Even though her acting career is virtually in retirement nowadays it's wonderful to see Jodie Foster check in to the shadowy Hotel Artemis. Succeeding his screenplay for Iron Man 3 and the more celebrated Mission Impossible: Rouge Nation - Drew Pearce writes as well as directs Hotel Artemis. Taking place in the near future of 2028 during water shortage riots in Los Angeles, "The Nurse" runs a members only secret emergency room for criminals.
Although you may not wish to stay the night Hotel Artemis is an easy four out of five stars on Trip Advisor. Pearce presents some very interesting ideas in a self contained, play like story - the rich and surprisingly developed characters truly drive the narrative forward. Hotel Artemis surpasses the average mediocre action romp because it finds an intriguing balance between the guests and the employees, those in need and those who help, those who kill and those who save, those who uphold and those who break the rules.
Foster shines through a dingy and chaotic setting as the dedicated nurse who oversees the operation with dedication and skill. She emphasises her dextrous but firm nature as she handles a batch of badly biffed baddies meanwhile turning away an injured crook who's membership has lapsed. As the story unfolds however the cracks begin to show, we learn she suffers with severe anxiety which prevents her from leaving the Hotel; constantly reminded of ghosts from her past. In the Hotel the primary rule states how everything that happens outside stays outside - this reinforces Pearce's vision of isolation, that the Artemis acts as a safe haven from the outer world not just for its wounded guests, but for its employees too.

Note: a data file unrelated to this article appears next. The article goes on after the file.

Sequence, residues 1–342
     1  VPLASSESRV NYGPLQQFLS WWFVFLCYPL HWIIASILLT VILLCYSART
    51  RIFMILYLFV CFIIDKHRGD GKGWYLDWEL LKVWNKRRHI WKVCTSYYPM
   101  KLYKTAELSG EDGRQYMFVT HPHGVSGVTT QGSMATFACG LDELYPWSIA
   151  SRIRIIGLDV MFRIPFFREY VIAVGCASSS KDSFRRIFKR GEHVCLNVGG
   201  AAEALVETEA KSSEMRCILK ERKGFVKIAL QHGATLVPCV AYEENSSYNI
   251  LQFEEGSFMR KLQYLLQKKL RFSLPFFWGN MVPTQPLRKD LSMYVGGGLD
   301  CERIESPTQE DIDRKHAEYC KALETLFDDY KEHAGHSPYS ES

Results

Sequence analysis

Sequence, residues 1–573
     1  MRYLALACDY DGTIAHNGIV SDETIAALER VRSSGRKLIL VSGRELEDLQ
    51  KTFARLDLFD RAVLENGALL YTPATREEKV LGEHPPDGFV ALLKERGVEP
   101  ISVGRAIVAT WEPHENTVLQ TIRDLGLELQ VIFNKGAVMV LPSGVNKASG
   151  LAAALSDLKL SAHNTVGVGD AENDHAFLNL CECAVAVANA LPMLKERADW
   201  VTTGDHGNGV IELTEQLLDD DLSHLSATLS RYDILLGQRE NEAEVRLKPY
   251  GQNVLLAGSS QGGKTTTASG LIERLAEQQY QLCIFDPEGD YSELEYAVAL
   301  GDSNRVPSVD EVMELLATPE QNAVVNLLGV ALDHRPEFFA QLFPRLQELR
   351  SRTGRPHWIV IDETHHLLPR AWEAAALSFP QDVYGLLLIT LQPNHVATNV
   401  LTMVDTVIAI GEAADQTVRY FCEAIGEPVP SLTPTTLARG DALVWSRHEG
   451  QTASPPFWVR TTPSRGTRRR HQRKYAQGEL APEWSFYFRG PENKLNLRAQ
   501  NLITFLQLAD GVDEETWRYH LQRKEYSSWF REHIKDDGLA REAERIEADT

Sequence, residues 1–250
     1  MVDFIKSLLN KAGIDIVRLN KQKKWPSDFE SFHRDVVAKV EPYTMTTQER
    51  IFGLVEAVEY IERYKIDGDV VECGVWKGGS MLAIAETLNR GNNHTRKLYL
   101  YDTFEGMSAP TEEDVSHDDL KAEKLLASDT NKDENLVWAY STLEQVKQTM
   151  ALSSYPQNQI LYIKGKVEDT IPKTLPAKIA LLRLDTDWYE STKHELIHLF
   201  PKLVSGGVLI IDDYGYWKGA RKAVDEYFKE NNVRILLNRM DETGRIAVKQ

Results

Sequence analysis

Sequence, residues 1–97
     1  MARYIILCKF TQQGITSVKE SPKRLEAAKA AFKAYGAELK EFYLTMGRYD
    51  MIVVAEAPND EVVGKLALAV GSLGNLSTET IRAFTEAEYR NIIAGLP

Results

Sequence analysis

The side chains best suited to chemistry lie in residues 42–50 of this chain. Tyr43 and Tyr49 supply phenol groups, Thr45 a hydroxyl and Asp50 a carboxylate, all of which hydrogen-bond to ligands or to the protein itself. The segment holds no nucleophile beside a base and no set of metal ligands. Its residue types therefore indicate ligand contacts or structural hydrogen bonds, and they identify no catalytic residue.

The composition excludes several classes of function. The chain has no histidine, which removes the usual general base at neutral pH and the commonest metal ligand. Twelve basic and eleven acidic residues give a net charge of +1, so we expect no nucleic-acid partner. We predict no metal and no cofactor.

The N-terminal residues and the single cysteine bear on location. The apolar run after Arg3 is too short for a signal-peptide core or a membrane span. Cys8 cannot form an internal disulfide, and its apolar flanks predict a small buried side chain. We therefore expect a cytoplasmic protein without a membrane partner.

Hotel Artemis succeeds as a film by combining each of the characters back stories into one, explosive main plot line. Sofia Boutella's role as a mysterious contract killer offers an insight into the life of criminals - explaining how it's not necessarily what they wished for but that "we can't all choose what we're good at". Despite the dynamic between him and his brother left a tad underdeveloped - Sterling K. Brown emerges as a likeable robber who desperately trying to escape the criminal underworld. Aside a generally well cast picture Charlie Day's irritating, loud mouth performance adds nothing to the narrative as well as popping up unwanted in moments of high tension.
Overall director Pearce has designed a film that is refreshingly original; he wins big on creativity and develops a self contained story to a very acceptable standard. Foster, Boutella, Brown, Dave Bautista as well as a sneaking cameo from Jeff Goldblum all click together decidedly well. Hotel Artemis is an iconic and impressive venue, yet try not to check in if you can avoid it!
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Hi I’m James - a huge welcome to my film blog! I started this site just after my 14th birthday and have been bringing you my own take on the hottest box office arrivals and many art house triumphs ever since.